Genetic and environmental influences on the risk of acute appendicitis in twins

O Sadr Azodi, A Andrén-Sandberg, H Larsson
British Journal of Surgery 2009, 96 (11): 1336-40

BACKGROUND: Acute appendicitis is common but the aetiology is unclear. This study examined the heritability of acute appendicitis.

METHODS: The study included twin pairs with known zygosity born between 1959 and 1985. Individuals with acute appendicitis were found by record linkage with the Swedish Inpatient Register. Comparing monodizygotic and dizygotic twins, the similarity and relative proportions of phenotypic variance resulting from genetic and environmental factors were analysed. Risks of acute appendicitis explained by heritability and environmental effects were estimated.

RESULTS: Some 3441 monozygotic and 2429 dizygotic twins were identified. Almost no genetic effects were found in males (8 (95 per cent confidence interval 0 to 50) per cent), but shared (31 (0 to 49) per cent) and non-shared (61 (47 to 74) per cent) environmental factors accounted for this risk. In females, the heritability was estimated as 20 (0 to 36) per cent and the remaining variation was due to non-shared environmental factors (80 (64 to 98) per cent). For the sexes combined, genetic effects accounted for 30 (5 to 40) per cent and non-shared environmental effects for 70 (60 to 81) per cent of the risk.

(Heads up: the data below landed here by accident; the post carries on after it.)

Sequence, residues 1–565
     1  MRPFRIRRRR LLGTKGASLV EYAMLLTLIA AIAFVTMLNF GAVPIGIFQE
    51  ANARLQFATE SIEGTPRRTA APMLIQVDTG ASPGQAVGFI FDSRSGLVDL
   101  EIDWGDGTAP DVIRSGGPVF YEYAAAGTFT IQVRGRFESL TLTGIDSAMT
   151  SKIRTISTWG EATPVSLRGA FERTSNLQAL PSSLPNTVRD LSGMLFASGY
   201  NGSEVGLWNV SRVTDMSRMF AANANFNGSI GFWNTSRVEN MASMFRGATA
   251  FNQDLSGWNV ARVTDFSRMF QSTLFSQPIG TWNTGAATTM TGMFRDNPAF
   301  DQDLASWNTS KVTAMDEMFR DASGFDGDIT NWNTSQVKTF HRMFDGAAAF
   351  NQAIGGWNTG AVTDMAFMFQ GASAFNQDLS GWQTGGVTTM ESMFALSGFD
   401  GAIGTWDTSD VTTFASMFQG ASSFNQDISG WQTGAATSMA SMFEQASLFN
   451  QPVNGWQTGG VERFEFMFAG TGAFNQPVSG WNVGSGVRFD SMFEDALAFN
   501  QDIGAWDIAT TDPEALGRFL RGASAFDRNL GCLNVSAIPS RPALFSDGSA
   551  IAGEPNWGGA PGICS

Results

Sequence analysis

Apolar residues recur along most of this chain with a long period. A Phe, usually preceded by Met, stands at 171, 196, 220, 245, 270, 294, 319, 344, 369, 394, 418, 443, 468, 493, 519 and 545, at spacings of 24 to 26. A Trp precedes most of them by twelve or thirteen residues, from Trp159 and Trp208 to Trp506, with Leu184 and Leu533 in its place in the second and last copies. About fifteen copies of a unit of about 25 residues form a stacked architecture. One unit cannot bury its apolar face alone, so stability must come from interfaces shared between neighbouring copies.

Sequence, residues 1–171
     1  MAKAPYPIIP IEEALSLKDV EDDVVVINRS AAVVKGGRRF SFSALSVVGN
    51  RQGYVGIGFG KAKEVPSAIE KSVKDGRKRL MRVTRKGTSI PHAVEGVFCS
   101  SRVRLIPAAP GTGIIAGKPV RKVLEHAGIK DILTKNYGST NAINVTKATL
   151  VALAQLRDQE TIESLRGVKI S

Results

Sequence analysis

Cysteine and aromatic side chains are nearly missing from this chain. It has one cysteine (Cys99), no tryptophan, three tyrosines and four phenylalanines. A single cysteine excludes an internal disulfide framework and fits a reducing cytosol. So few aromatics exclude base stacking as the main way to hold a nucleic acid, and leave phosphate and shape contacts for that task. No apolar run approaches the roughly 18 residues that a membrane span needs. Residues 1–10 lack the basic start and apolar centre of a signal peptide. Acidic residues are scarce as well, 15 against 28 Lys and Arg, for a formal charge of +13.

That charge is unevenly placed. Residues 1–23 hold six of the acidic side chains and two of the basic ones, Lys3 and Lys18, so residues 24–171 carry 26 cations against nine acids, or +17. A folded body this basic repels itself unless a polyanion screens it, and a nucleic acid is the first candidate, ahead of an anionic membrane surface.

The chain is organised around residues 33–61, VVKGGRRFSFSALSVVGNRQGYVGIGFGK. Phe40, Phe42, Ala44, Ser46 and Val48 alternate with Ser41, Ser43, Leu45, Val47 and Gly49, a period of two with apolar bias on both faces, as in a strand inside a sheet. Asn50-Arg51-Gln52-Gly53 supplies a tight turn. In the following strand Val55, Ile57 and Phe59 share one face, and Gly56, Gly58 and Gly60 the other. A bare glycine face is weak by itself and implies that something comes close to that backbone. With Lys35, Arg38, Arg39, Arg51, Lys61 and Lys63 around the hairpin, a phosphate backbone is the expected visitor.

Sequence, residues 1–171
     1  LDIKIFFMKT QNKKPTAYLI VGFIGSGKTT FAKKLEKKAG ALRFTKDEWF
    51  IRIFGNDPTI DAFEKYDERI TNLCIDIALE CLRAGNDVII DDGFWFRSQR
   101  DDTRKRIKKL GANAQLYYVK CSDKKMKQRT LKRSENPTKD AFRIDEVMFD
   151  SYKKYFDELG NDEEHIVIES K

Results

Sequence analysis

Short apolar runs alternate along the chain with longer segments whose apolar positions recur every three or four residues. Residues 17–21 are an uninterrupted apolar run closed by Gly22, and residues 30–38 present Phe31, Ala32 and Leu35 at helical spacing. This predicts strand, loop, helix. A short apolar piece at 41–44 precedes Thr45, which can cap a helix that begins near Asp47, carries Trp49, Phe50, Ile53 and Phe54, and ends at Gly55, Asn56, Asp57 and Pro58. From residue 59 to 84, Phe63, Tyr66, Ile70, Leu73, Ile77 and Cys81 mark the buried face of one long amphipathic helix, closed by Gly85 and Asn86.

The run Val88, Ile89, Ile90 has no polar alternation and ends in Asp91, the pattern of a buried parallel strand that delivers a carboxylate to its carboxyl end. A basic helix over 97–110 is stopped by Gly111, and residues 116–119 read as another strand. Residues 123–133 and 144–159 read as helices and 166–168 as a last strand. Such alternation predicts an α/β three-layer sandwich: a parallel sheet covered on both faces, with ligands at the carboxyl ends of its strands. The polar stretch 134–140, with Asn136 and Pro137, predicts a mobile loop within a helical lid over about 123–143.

CONCLUSION: Acute appendicitis has a complex aetiology with sex differences in heritability and environmental factors.

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